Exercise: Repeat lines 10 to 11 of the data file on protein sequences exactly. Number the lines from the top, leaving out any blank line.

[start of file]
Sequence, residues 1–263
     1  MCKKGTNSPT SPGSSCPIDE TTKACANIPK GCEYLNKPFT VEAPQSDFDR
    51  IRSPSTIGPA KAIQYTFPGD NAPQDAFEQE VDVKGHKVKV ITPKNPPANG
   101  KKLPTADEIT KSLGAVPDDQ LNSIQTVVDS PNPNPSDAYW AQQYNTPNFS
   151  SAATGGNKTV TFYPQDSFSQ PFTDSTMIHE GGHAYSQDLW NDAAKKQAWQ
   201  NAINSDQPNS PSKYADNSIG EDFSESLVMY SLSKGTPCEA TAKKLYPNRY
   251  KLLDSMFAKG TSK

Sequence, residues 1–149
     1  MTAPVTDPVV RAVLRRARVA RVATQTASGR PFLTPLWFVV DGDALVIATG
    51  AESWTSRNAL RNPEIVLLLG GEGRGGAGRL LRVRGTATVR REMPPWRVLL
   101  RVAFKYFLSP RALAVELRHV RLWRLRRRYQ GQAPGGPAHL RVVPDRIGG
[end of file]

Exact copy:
    51  AESWTSRNAL RNPEIVLLLG GEGRGGAGRL LRVRGTATVR REMPPWRVLL
   101  RVAFKYFLSP RALAVELRHV RLWRLRRRYQ GQAPGGPAHL RVVPDRIGG